Review By Michelle Sutton
Australian Theatre for Young People (ATYP) in association with Auckland Theatre Company presents The Resistance written and directed by Kip Chapman at The Rebel Theatre. The play is an interactive show, discussing climate change, the power of protest and youth.
Set at the base camp for a climate youth action group, the stage is full of tents, tables, chairs, and a metal tower construction right in the middle of the stage. Set and costume designer Tobhiyah Stone Feller does a great job setting the stage to be bursting to the brim with supplies and materials, conveying the feeling of passion, restlessness and a bit of chaos within the group of activists.
The show stars young performers Diya Goswami as Marlee, Lakesha Grant as Bundila, Thea Sholl as Pepper and Jack Walton as Miro. Right from the opening scene I was immediately struck by the immense charisma and confidence of the cast, the ease and charm with which they introduced themselves as their characters and commanded the entire crowd to hang on every word and go on the journey with them for the next 90 minutes. The four young actors are all mesmerising in their own unique way, Walton brings Miro’s movable neurosis to life, Sholl is a laugh riot as the rebellious anarchist Pepper, Goswami is funny and endearing as nervous over-thinker Marlee and Grant is impossible to look away from as the passionate Bundila. The way that Sholl and Grant interact with the audience is especially impressive, Sholl with impeccable improv and comedic timing and Grant with a natural openness, authenticity and charisma that is undeniable.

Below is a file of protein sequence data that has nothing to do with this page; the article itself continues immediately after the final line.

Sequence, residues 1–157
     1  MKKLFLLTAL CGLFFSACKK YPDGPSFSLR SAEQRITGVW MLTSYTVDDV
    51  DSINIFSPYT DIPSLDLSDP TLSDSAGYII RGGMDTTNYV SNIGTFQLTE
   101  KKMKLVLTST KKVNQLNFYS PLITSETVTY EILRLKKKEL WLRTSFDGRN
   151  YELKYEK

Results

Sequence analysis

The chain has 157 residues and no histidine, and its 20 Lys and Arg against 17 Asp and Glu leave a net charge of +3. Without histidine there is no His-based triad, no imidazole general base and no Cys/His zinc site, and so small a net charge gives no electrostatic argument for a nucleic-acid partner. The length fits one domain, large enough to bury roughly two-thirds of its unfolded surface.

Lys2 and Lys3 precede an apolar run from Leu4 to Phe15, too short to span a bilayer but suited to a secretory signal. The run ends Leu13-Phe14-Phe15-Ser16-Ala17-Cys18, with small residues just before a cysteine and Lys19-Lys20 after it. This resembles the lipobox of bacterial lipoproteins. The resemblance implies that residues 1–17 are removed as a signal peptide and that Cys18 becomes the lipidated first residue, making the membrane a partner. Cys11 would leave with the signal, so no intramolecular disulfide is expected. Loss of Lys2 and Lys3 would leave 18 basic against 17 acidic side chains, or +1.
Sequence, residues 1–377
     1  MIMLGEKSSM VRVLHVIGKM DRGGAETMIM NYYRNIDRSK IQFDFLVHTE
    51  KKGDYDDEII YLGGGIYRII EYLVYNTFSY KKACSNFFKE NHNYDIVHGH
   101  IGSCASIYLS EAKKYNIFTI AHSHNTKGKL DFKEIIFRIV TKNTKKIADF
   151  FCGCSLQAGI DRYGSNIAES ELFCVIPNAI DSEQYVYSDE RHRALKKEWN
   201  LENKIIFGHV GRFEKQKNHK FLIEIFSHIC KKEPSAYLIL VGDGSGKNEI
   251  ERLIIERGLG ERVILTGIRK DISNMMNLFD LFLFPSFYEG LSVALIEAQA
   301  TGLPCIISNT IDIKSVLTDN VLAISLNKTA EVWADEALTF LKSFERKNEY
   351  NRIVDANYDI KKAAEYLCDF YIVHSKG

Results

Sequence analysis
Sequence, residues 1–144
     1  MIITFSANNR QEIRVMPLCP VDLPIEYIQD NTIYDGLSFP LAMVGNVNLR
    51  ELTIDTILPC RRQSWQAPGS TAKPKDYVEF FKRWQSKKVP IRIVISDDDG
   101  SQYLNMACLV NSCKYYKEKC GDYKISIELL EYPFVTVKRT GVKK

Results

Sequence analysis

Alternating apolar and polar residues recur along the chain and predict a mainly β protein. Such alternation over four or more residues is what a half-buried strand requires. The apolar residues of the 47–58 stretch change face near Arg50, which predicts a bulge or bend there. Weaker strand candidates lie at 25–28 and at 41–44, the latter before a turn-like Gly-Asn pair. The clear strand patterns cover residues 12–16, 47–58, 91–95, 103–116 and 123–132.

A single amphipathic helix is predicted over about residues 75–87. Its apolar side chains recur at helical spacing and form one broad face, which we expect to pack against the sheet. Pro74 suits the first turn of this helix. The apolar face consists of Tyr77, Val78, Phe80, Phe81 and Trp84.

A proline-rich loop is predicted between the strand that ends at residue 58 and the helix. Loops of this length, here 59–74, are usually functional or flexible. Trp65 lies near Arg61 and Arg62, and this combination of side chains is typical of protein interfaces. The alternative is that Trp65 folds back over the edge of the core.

The cast is rounded out by Genevieve Lemon as Drew and Jo Turner as the minister and police officer. Lemon expertly grounds the story and provides laughs with almost every line she delivers. Turner is equally funny and volleys with the crowd and volunteers on the stage with a sense of mischief and delight.
Kip Chapman’s script is masterful, with an important and long-past-urgent message, a lot of heart, and a fantastic sense of humour. The show is thoroughly human, whilst addressing the inextricably linked issues of climate justice, Aboriginal Land Rights and justice for First Nations people it explores the complexities of friendship, privilege, power dynamics and is a an absolute joy the entire way through. This is a testament to the strength of Chapman’s writing, and the skills of the dramaturge Adrianne Diff and Jane FitzGerald and the assistance of cultural consultants Abbie-lee Lewis.
The Rebel Theatre is the perfect venue for the show, allowing the right space and shape for the characters to take turns directly addressing the crowd and breaking the fourth wall. The runtime of 90 minutes works well for this type of high-energy, attention-demanding interactive show, allowing the show to feel spontaneous and full of life the entire time, never dragging or exhausting the audience.
The Resistance is a fresh, fun, sharp show that doesn’t pull any punches, guaranteeing the audience a night of big laughs but also challenging them intellectually. It is innovative in its production design and ambitious in its immersive and fast-paced nature. Kip Chapman’s script and direction shines to illuminate the stars of the show, the young cast whose promise and potential is truly dazzling and awe-inspiring.
The Resistance runs at The Rebel Theatre until 11 March and is a superb show for audiences of all ages.
Image Credit: Clare Hawley